William S. Kowinski reviews Big Bang: The Origin of the Universe by Simon Singh, in the San Francisco Chronicle:
Despite its title, this book is not about the Big Bang or the origin of the universe. It is a history of some of the major discoveries, theories, personalities and controversies that contributed to the basic Big Bang explanation and its present acceptance. It is essentially a textbook on cosmology in Western science from before Copernicus, and a conservative one (in a scientific sense) at that.
Simon Singh is best known for his TV documentary (“Proof”) and best- selling book (“Fermat’s Enigma”) about Andrew Wiles, who solved one of mathematics’ most celebrated mysteries. But the former BBC TV producer earned his Ph.D. in physics, so this book’s subject is clearly close to his heart. The subtextual through-line is the story of how science works, in the real world context of personalities, professional relationships and political, economic and religious interests. For instance, while the 15th century Catholic Church was notoriously resistant to the scripture-defying idea that the Earth wasn’t the still-point center of the universe, the 20th century Pope Pius XII became a booster of the Big Bang at a time when scientists weren’t so sure, because it posited a beginning and hence (he thought) a creation and creator.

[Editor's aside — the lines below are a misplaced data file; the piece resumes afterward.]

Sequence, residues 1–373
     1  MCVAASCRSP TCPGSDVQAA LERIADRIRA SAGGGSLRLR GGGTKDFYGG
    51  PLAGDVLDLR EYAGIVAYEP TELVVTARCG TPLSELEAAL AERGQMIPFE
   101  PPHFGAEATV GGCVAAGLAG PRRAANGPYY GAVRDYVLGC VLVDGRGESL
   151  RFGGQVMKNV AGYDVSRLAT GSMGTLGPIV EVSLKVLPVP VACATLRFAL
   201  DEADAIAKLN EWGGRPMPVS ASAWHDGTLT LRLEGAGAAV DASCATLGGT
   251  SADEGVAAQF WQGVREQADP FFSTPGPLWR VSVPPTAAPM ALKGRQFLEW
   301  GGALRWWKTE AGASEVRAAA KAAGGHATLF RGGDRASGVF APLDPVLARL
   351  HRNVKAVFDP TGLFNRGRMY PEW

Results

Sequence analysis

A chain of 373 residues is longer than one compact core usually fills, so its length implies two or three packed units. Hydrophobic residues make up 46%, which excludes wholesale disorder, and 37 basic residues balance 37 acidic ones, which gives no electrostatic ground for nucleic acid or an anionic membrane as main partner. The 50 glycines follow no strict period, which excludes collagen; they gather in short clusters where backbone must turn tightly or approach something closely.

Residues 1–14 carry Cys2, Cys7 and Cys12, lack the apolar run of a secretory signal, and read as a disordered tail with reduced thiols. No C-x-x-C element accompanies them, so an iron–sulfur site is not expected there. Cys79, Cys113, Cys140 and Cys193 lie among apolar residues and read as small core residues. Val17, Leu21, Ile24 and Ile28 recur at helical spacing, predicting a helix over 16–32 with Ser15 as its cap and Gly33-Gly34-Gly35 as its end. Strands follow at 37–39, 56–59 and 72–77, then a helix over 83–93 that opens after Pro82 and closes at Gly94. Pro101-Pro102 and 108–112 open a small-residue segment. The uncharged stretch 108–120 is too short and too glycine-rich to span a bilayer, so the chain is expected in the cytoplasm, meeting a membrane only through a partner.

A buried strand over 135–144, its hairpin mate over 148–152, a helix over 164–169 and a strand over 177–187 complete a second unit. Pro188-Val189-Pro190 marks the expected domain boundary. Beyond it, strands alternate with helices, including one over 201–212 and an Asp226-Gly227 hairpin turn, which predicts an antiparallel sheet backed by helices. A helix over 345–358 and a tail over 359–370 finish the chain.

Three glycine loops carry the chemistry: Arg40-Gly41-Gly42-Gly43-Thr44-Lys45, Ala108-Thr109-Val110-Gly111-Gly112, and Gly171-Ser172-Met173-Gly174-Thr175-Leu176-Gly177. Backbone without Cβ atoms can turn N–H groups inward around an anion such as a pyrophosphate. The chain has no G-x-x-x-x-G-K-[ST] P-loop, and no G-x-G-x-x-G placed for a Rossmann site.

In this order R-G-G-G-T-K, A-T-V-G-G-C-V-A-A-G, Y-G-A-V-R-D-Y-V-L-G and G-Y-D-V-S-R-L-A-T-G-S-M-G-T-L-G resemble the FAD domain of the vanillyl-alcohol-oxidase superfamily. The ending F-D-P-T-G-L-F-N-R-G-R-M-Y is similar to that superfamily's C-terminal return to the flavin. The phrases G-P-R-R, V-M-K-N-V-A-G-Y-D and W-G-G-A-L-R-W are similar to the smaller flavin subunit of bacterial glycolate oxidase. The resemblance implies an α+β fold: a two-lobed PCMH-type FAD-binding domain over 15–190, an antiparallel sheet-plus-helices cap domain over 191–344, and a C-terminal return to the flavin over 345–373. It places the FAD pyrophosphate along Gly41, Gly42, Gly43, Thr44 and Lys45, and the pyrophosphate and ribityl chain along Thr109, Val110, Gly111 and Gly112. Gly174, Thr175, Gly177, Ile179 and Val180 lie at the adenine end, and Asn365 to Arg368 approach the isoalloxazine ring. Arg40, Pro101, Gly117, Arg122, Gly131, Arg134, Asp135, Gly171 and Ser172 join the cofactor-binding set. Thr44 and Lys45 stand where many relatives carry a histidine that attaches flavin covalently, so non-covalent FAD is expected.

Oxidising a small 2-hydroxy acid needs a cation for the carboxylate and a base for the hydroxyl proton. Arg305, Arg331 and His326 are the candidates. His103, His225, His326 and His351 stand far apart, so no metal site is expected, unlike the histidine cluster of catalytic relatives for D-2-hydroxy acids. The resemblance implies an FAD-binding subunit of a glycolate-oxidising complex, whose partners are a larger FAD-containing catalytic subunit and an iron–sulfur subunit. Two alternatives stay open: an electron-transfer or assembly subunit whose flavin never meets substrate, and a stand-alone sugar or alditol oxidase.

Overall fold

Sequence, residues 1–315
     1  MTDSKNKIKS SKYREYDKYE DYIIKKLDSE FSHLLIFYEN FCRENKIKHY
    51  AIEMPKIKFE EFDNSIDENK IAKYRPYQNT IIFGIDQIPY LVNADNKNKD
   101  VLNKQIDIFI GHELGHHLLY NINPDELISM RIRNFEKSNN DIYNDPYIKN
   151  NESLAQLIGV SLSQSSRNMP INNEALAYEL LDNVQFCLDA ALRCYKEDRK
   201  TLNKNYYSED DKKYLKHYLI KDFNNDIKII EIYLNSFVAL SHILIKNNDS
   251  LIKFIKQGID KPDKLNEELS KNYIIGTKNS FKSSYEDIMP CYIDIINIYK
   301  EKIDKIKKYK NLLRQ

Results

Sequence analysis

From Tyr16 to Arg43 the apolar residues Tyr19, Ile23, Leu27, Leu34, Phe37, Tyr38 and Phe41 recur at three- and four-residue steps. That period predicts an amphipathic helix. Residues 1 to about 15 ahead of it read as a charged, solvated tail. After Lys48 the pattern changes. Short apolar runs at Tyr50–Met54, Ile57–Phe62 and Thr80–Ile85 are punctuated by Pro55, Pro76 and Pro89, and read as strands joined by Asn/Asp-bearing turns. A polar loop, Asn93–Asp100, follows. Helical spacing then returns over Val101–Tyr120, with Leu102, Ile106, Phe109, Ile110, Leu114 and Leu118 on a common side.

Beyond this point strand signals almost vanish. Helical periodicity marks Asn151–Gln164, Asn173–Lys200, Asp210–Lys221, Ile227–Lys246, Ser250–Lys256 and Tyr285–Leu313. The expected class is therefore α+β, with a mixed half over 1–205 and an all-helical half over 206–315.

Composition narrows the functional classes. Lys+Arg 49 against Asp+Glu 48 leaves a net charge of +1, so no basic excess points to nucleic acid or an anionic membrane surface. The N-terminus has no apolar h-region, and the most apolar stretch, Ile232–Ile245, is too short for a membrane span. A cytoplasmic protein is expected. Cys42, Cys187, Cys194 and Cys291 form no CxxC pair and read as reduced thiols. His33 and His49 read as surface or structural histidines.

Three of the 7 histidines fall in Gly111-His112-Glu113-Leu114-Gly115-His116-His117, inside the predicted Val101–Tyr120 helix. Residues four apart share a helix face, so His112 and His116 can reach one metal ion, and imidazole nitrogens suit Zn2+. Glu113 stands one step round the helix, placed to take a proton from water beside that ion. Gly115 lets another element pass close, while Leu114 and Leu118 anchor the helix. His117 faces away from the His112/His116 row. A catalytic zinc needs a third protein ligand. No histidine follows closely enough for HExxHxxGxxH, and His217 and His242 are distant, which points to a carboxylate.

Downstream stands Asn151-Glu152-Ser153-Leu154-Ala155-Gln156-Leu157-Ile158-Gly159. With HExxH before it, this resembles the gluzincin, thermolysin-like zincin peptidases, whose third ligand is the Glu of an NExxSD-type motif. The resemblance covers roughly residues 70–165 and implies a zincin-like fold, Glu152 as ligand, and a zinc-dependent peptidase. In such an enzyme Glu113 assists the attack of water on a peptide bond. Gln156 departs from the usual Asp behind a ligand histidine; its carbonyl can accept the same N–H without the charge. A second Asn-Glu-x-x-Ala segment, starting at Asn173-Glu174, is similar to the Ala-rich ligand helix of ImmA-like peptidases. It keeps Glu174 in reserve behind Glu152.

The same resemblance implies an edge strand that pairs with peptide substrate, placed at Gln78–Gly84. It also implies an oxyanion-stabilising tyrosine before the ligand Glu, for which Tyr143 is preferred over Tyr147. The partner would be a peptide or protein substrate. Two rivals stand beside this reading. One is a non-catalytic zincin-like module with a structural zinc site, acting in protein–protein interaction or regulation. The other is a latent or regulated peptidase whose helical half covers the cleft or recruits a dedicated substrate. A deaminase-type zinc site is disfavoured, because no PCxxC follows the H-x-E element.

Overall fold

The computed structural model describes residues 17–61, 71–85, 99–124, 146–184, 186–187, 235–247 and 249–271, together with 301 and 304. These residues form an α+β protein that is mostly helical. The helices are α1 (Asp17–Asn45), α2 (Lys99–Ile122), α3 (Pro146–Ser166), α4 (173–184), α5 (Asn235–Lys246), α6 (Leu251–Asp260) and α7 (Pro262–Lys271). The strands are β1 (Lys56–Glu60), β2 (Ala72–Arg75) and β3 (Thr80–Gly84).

But scientists themselves can be almost as influenced by their faith in their favored models, such as the Big Bang’s main rival for much of the 20th century, the Steady State theory (the universe without beginning or end). Several eminences held onto it because it was aesthetically pleasing and philosophically elegant. Perhaps the dirty little secret least familiar to nonscientists is the degree to which science is hostage to human failings of ego, status and reward.